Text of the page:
Starting from the basis that no two couples are equal, in this article, we’re going to talk about the importance of shared values in a couple. In other words, how these elements make a relationship flow between both partners in a healthy or non-toxic way. As a matter of fact, establishing specific values in a couple can lay the foundations for the relationship to function properly.
Firstly, let’s define what a couple is. It’s a group of two people in a more or less formalized emotional relationship. For example, courtship, marriage, or a domestic partnership.
Secondly, let’s define values. Values refer to those qualities or virtues that characterize a person, an action, or an object that are considered positive or of great importance by a social group.
Therefore, values are those qualities that stand out in each person and that, in turn, push them to act in one way or another because they form part of their beliefs. In addition, they express their interests and condition their behaviors.
“Your beliefs become your thoughts, your thoughts become your words, your words become your actions, your actions become your habits, your habits become your values, your values become your destiny.”
Shared values in a couple
Medina et al conducted a study in 2005 concerning the semantic dimension of intimacy. They observed that both men and women look for someone with similar needs in a partner. Someone with whom they’re compatible, with common characteristics and similar tastes with whom they can identify.
The instrumental theory of partner selection claims that this is due to the fact that people look for someone with values similar to their own (Centers, 1975). In this way, couples are satisfied by identifying homogamous partners. In other words, those who have similar social, economic, and cultural characteristics (Rice, 1997).
“Find people who share your values, and you’ll conquer the world together.”
Rowing together in the same direction
Rowing together in the same direction can lay the foundations for a relationship to function properly or for it to improve.
The behaviors and expectations that each individual has, in this case in a couple, respond to the social beliefs and values transmitted through the socialization process to which they’re subjected (Kaminsky, 1981).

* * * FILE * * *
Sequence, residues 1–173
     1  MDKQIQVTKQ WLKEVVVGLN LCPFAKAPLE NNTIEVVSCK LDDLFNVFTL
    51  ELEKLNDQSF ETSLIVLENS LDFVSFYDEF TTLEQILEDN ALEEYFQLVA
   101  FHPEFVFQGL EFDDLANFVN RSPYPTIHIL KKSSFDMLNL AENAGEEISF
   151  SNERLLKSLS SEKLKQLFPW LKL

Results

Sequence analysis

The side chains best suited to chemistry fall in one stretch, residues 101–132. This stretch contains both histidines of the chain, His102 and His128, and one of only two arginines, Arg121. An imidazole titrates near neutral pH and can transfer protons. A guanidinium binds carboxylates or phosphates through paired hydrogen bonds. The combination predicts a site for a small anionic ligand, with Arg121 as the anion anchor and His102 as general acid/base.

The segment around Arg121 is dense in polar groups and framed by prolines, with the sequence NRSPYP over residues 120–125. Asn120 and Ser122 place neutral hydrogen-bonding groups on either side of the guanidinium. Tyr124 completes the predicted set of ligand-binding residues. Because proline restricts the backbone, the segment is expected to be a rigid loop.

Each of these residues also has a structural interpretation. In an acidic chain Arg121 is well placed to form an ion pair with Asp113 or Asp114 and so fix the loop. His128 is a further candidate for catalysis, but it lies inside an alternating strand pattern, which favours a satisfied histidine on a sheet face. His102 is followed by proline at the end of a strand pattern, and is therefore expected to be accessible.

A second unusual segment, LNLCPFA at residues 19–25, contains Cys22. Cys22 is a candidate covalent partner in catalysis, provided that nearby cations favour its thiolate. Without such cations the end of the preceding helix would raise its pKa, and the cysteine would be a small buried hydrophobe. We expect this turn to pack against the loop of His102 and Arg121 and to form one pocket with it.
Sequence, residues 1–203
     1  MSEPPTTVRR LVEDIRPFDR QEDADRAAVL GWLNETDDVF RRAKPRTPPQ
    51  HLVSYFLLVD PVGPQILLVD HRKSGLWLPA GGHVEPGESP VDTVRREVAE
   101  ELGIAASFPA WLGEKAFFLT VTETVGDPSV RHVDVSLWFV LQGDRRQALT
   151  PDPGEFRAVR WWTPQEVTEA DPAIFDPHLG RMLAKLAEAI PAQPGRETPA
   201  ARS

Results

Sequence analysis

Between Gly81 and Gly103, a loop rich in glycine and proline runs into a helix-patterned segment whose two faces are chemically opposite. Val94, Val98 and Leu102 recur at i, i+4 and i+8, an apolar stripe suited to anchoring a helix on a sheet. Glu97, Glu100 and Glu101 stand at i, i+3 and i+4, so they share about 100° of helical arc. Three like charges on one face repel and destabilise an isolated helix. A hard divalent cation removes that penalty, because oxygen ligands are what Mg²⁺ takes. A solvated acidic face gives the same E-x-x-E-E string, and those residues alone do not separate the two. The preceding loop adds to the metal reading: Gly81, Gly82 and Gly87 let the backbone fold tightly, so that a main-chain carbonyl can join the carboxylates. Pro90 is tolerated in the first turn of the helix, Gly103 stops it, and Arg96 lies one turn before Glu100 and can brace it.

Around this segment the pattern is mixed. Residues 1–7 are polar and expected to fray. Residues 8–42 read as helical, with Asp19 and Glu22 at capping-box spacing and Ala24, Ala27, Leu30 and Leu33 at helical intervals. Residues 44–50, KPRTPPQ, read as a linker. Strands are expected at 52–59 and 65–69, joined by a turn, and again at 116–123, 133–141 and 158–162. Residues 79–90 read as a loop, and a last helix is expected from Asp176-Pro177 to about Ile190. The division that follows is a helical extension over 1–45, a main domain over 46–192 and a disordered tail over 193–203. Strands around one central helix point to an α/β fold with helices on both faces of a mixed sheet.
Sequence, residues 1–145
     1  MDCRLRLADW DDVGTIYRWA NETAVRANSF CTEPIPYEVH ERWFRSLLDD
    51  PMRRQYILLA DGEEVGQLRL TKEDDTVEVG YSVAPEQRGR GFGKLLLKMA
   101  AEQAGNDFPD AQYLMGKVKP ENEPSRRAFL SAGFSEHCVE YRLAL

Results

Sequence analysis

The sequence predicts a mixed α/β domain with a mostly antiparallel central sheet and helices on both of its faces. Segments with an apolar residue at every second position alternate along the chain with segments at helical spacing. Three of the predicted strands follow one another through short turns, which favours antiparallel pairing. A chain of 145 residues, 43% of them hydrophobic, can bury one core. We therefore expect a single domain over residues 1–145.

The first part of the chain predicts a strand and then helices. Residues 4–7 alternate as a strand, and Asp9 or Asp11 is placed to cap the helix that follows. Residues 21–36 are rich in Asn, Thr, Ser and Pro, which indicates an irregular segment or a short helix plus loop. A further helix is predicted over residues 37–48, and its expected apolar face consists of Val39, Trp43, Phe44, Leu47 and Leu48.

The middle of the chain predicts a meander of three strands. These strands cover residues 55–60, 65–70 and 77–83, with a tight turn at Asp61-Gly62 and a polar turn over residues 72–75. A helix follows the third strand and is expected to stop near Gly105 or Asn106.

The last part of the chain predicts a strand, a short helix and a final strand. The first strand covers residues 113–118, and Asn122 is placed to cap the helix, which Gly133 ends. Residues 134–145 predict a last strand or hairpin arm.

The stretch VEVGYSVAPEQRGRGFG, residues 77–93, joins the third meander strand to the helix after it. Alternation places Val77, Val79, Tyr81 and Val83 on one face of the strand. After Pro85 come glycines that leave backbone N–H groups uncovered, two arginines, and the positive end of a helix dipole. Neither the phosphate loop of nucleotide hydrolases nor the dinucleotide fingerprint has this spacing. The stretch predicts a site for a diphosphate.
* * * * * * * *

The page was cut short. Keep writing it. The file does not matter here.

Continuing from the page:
The socialization process is transformative over time. It changes social values and norms. Therefore, it’s expected that people’s beliefs and behaviors change accordingly (Díaz-Guerrero, 2003). Consequently, the expectations, values, and behaviors in a couple will also alter (García-Meráz, 2007). In fact, new parameters are created. These influence and respond to the social situation in which the couple finds themselves (Snyder and Stukas, 1999).
Working toward shared values in a couple
Establishing values in a couple is a joint effort. Furthermore, as we said earlier, every couple is unique. Therefore, their values are too.
However, we’re able to talk about some basic values that most couples agree on. For instance, love, fidelity, mutual support, generosity, mutual respect, and communication. We’ll take a closer look at each one below.
There are many types of love but they’re all woven with the same common thread. Nevertheless, telling someone “I love you” isn’t the same as saying “I want you.”
As a matter of fact, it takes a while to progress from infatuation to established love, and, from there, to coexistence. It involves the discovering of another person, falling in love, and ultimately achieving a stable and enduring formula.
Fidelity depends on the type of agreement previously established. Indeed, every couple establishes a particular type of commitment. For example, some are exclusively monogamous while others aren’t.
Whatever the situation, when your own individual pacts are fulfilled, fidelity exists. When they aren’t, it doesn’t.
Feeling that your partner will support you, that they won’t fail you, and they’ll protect your interests at all times makes you more courageous and less vulnerable.
This is a plus point when you have to deal with adversity. It means empathizing with your partner, trying to understand them better, accepting them, and offering them unconditional support.
“Love sets the foundations for all human values.”
It may seem strange, but sometimes selfishness prevails in a couple over generosity. Indeed, there are those who find it difficult to be generous with their partners and only know how to look out for themselves. They only consider their own needs, want, and likes. This generates negative feelings.
However, being in a relationship means something more. The best way to be generous with your partner is by not thinking only of yourself. You have to put yourself in their place. In fact, you must try to understand their point of view, even though sometimes you won’t share it.
Building a relationship based on mutual respect is an essential value. For this to happen, you both have to be on the same level.
It means there’s space in your relationship for both of you on an individual level. Respect means completely accepting your partner without trying to change them in any way.
It’s a good idea to establish assertive and fluid communication in a relationship. This builds trust. As a matter of fact, assertive communication is defined by Satir (1988) as the ability to express oneself in a direct, honest and respectful way.
Indeed, opening communication channels up between you as a couple means that you both assume the commitment to share everything that corresponds to your relationship. For example, disagreements, achievements, common goals, needs, etc. Or, you learn how to do it. Indeed, good communication is always reflected in healthy relationships, along with mutual respect, affection, and companionship.
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